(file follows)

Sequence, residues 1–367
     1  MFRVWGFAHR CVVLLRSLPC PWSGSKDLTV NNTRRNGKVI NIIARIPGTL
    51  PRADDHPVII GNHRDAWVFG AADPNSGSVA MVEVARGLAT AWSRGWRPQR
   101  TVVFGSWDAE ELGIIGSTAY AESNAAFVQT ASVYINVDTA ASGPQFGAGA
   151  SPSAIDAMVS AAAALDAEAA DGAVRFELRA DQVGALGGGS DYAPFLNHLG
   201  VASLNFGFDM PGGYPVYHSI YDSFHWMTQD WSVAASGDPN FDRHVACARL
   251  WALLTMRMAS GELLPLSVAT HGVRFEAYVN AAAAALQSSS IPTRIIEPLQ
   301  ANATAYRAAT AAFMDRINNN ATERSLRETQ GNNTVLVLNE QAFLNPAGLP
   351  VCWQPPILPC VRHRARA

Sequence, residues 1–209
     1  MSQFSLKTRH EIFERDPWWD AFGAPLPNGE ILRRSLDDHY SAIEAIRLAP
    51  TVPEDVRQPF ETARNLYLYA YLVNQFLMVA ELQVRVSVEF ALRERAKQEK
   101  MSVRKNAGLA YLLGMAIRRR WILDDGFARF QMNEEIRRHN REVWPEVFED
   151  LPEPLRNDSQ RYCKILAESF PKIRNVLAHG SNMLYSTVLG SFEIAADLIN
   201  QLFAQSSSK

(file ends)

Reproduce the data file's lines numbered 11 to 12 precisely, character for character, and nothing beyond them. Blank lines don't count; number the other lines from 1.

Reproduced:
     1  MSQFSLKTRH EIFERDPWWD AFGAPLPNGE ILRRSLDDHY SAIEAIRLAP
    51  TVPEDVRQPF ETARNLYLYA YLVNQFLMVA ELQVRVSVEF ALRERAKQEK